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aommaster

What is the longest food chain in the natural world?

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you`ve never seen a mountain cat run down a hill and across water into a flock of geese for a kill?

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ummm... nope tbh! I watch alot of discovery channel, animal planet, and national geographic, and have not seen it chase. I'll take your word for it.

 

Accrordiing to what we have been discussing, your food chain has 6 creatures in:

Producer -> Primary consumer -> secondary consumer -> Tertiary consumer -> Quadternary consumer -> Quinary consumer

 

Wow! Thanx! IF we consider the bear and the human, what type of consumer would each of them be, after quinary consumer?

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hmmm.. then why is the fifth one called quinary consumer, and not penternay consumers?

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not a clue, it`s a linguistic prob and I only do 2 and a bit langs? :(

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lol! That's why I had a doubt with what you said:

 

hex, sept, nov, dec, etc....

 

it could be something else!

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quite possibly, but those are the ones I`m familiar with as standard prefixes in many number systems :)

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Yeah, I'm also used to using those prefixes, but the quinery part kind of threw me off :(

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that`s part of the beauty in the forums, you get to learn as much as you share (it is for me anyway) :)

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you get to learn as much as you share (it is for me anyway) :)

I would think it would be among all the other members as well. That's what the science forums are here for, the shiring of knowledge.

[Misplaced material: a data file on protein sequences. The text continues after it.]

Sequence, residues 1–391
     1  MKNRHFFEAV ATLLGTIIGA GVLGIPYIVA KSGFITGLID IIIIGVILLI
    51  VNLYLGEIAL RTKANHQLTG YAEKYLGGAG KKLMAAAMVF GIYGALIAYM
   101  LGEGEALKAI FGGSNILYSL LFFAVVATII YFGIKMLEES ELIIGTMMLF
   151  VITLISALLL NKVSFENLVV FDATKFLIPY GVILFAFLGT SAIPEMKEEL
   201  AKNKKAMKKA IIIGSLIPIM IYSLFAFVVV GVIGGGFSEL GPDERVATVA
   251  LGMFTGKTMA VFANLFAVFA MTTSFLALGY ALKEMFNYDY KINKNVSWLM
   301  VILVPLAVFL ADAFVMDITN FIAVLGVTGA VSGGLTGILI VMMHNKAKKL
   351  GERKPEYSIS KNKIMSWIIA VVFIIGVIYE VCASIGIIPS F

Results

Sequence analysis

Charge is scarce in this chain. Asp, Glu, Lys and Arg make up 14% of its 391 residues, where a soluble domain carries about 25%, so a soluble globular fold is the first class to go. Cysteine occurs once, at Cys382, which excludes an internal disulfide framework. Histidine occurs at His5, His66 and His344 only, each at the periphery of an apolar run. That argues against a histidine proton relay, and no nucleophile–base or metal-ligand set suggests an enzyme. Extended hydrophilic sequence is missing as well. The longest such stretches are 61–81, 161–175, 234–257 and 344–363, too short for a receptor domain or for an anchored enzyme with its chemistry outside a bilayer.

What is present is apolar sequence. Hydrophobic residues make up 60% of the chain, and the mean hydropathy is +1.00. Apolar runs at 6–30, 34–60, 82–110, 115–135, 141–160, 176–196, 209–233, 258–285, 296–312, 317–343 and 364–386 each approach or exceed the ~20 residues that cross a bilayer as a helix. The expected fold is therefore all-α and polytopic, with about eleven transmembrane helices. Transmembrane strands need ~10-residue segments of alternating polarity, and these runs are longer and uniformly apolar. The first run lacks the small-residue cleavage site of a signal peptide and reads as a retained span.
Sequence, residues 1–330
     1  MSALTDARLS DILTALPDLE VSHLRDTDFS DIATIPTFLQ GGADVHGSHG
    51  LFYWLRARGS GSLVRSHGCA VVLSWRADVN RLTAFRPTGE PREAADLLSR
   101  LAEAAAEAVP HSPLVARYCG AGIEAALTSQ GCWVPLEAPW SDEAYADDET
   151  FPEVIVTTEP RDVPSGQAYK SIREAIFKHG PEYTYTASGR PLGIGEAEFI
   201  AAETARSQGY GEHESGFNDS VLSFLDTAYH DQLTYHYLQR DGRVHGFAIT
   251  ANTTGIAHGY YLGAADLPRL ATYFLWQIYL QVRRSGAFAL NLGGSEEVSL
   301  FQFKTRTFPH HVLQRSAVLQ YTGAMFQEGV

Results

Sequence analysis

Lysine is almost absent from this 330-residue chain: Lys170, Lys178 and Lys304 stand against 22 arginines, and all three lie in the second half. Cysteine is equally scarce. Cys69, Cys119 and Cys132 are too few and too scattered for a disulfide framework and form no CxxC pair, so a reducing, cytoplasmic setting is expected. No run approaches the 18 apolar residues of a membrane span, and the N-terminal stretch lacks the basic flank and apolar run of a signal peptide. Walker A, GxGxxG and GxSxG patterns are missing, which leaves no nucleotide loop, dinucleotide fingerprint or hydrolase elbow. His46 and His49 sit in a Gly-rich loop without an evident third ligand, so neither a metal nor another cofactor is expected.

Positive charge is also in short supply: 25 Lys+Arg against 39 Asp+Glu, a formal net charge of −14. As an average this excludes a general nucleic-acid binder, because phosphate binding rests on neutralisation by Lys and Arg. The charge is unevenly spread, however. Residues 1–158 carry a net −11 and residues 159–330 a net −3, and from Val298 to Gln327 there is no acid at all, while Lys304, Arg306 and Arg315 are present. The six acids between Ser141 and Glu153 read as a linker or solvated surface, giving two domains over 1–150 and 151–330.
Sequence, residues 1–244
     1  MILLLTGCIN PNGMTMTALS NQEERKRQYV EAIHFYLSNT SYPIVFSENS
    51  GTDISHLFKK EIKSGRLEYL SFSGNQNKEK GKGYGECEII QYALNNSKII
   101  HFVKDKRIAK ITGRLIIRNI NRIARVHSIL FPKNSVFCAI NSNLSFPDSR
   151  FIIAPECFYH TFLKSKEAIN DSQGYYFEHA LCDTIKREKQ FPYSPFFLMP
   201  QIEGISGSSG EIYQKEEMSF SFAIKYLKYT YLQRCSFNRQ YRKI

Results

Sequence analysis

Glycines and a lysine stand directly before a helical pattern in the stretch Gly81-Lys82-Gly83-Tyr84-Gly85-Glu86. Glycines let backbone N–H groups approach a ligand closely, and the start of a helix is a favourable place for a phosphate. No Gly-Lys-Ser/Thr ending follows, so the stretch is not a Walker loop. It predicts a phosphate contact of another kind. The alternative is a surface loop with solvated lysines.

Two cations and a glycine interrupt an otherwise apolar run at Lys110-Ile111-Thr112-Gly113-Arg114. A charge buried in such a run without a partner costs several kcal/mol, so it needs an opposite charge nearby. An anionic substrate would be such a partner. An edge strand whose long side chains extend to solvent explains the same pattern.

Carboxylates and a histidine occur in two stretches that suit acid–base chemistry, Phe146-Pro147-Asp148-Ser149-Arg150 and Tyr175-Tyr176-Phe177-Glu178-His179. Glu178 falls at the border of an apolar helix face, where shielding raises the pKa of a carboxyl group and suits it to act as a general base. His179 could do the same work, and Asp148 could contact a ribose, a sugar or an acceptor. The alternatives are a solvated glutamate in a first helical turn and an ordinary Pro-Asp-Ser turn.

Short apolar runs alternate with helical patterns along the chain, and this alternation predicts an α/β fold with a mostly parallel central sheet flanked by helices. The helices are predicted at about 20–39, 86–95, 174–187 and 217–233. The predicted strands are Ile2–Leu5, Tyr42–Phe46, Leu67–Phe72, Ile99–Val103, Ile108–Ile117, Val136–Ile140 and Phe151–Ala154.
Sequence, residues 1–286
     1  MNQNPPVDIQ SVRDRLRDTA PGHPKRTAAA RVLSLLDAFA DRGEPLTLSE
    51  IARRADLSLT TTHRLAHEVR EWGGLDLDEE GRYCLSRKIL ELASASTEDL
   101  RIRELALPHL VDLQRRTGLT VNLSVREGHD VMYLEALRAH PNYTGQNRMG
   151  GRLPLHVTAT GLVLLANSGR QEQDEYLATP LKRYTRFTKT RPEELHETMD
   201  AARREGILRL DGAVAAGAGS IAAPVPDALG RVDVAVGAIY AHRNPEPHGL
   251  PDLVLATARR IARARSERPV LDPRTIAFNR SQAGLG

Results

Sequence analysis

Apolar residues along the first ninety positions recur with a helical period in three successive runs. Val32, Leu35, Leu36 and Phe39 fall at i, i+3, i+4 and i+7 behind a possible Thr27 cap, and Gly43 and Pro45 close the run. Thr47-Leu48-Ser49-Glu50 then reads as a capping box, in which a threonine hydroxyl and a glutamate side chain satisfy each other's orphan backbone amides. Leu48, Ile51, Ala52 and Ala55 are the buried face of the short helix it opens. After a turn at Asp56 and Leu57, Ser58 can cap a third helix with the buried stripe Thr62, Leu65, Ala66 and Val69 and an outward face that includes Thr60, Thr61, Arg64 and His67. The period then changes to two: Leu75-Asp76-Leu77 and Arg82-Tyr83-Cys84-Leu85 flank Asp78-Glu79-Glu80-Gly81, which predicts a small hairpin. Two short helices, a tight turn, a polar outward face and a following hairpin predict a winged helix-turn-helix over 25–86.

BTW, we seem to have drifted slightly off topic :)

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ummm... nope tbh! I watch alot of discovery channel' date=' animal planet, and national geographic, and have not seen it chase. I'll take your word for it.

 

Accrordiing to what we have been discussing, your food chain has 6 creatures in:

Producer -> Primary consumer -> secondary consumer -> Tertiary consumer -> Quadternary consumer -> Quinary consumer

 

Wow! Thanx! IF we consider the bear and the human, what type of consumer would each of them be, after quinary consumer?[/quote']

 

Quinary consumer -> senary consumer -> septenary consumer -> octonary consumer -> nonary consumer -> denary consumer -> duodenary consumer -> vigenary consumer.

 

I had to check though, obviously.

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Wasps do in fact eat spiders' date=' I`ve seen it many times :((

 

wild dogs will kill and eat even large mountain cats that are caught alone, and many a bear has killed a wild dog, although I`m sure if they eat them? but they`re not suposed to eat people either (like sharks) but it`s been known![/quote']

What is a mountain cat? Do you mean the North American mountain lion? If so, there are no wild dogs there.

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What a bout a lynx? Won't that be considered a mountain cat? Again. I don't think that wild dogs live in those areas. What about wolves maybe?